What Truly Matters

SMART-GoalsI’m been writing about SMART goals, Stretch goals, and different systems that work when it comes to being focused, productive and more importantly, on task for what truly matters to you. Most people are familiar with SMART criterion:

  • Specific – target a specific area for improvement.
  • Measurable – quantify or at least suggest an indicator of progress.
  • Assignable – specify who will do it.
  • Realistic – state what results can realistically be achieved, given available resources.
  • Time-related – specify when the result(s) can be achieved.

SMARTWAY goals have additional criterion. WAY stands for goals that are Written, Aligned and Yours. The WAY was added by a colleague of mine to soften up the goal setting process.

  • Written – Goals are clearly written down in first person, as in “I will…”
  • Aligned – Goals are aligned with a purpose, a mission and with core values
  • Yours – You own these goals independent from outside influences or a desire to please others

In all the times I have asked people, “What is success for you?” no one mentions the house, the cars, the plane, the beach house or any of the material things. The closest people usually get is “financial security” or “financial freedom.” Someone always says “happiness.” Someone always says “great kids,” “happy marriage,” “good friends.” Those are the kinds of thing that WAYPOINTS are designed for.

The Problem with Goals

The problem with goals, as we have come to understand them, is that they are finite. They work really well for hard-bitten, business goals like “Make a million in FY 16.” They don’t work well for all the soft stuff. WAYPOINTs were designed for the soft stuff.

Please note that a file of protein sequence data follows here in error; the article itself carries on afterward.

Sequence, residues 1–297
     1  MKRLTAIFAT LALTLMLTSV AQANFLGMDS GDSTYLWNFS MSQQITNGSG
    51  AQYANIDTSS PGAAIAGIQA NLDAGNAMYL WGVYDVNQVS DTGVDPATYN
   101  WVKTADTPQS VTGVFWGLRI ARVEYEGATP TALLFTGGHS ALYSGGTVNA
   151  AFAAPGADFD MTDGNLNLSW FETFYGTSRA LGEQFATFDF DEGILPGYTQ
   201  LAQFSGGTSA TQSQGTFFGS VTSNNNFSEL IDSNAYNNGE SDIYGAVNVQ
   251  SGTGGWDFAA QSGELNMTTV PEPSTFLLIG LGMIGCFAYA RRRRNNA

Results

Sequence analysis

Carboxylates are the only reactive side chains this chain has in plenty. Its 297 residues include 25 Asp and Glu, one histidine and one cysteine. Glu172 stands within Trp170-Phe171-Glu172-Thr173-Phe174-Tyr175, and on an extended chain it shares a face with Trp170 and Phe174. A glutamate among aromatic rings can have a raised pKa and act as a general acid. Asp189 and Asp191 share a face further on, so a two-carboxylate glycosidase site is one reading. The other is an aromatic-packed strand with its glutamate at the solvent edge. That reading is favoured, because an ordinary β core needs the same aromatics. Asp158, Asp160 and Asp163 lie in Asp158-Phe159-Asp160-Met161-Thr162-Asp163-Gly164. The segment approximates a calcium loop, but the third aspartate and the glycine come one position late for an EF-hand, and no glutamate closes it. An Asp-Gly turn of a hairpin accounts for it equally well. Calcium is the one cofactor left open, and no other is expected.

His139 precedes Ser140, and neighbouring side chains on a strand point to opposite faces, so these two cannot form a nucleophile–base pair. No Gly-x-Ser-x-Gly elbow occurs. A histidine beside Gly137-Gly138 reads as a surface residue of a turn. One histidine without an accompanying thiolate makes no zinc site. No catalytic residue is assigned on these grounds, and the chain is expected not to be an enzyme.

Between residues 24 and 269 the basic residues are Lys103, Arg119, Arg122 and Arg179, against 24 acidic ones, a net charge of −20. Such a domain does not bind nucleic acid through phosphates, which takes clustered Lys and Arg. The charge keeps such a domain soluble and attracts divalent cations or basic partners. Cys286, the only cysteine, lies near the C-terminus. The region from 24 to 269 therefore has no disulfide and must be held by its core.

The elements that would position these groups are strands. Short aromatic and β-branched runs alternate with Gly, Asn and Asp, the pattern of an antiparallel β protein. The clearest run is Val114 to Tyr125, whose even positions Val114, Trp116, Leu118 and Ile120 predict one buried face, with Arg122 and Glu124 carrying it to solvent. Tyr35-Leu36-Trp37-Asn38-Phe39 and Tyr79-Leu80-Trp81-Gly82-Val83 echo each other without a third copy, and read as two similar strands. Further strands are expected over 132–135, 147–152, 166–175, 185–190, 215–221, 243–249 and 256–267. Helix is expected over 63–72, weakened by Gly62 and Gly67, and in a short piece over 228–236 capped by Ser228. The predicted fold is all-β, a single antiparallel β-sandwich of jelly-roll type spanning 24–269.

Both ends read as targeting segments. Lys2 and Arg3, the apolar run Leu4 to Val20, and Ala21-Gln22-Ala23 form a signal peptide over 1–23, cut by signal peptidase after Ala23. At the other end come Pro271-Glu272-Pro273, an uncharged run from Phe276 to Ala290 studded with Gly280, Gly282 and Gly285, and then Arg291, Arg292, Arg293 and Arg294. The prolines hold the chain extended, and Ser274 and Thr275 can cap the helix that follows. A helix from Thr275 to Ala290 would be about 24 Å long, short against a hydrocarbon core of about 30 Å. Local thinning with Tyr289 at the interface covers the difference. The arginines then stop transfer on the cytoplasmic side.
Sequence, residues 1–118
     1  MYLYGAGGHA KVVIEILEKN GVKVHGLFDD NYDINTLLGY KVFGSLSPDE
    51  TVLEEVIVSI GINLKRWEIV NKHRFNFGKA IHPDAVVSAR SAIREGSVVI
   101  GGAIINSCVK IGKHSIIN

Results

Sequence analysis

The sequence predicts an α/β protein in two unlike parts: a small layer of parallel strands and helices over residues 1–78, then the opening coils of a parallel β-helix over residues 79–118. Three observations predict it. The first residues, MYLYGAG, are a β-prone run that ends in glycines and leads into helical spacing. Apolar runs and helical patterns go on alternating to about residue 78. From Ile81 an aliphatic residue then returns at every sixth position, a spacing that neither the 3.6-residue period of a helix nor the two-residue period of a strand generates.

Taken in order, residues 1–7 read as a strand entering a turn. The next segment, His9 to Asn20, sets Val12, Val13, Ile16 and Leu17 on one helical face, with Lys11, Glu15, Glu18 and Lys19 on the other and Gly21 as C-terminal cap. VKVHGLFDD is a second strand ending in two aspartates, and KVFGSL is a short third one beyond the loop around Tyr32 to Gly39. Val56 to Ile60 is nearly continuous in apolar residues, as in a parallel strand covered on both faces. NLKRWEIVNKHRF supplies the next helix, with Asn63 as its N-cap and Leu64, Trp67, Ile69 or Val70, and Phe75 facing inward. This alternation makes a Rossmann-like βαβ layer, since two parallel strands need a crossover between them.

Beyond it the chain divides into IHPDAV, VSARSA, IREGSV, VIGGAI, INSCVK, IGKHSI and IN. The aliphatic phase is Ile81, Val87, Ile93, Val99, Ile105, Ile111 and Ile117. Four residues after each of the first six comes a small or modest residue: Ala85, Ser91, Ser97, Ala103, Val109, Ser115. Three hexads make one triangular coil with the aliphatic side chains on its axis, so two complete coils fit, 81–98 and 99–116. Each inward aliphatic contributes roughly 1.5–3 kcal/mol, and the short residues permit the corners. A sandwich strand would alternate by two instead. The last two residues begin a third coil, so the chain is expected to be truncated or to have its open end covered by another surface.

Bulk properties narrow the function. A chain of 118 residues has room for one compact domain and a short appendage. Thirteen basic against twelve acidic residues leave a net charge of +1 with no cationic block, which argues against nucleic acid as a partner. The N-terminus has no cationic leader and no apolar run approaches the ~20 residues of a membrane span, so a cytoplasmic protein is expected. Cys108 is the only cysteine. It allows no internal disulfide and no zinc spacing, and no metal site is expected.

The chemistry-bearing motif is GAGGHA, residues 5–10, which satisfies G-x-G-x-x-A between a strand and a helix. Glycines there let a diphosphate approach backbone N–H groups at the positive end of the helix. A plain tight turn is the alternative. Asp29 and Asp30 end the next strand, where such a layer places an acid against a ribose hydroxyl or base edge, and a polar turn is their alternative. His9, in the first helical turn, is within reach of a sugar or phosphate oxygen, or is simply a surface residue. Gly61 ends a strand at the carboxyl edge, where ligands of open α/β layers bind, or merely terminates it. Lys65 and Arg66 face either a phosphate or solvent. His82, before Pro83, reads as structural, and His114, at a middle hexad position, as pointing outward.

Another problem with goals is that they are usually imposed on you by some higher authority. If not imposed, at the very least they’re highly influenced by external voices and even inner judgments on what you’ve  accepted as important.

In other words: “Your business unit has to make $50,000 in FY16”.  It was set for you by an outside agency. It is often set to please someone else. It is never personalized, therefore it is not a part of what you do. It is in addition to what you do.

There is a big problem with that. Goals, when externally influenced, never become a part of your behavior system and so they remain external. WAYPOINTs are inherently YOURS. They spring from your priorities, so they are a part of your life.

I also find goals to be systemic, parental, rigid. WAYPOINTs are inherently intrinsic, yours. This may be why goals may work for some people, but not for all people.

Here’s an example. I run a leadership academy for a company in Florida, and have the last seven years. It is a three year program. In year one, WAYPOINTs and SMARTWAY are both taught. I have a bunch of architects and engineers in the program, and had originally made the assumption that engineering brains would prefer SMARTWAY. Some people really like WAYPOINTs and some people really like SMARTWAY goals. It is about 50-50.

WAYPOINTs were designed for the kind of goals that don’t fit SMARTWAY parameters.

  • Developmental or learning goals such as “be a better public speaker.”
  • Leadership goals like “gain executive presence.”
  • Relationship goals like “have date night with my husband every Friday night.”
  • Fitness or health goals like “go to the gym three times per week.”

In my coming series of post on goals, let’s explore these issues. And I’ll give you my WAYPOINTs goal setting system. What system do you use for setting goals, and how do you ensure goals are really yours? I’d love to hear from you. You can reach me here and on LinkedIn.

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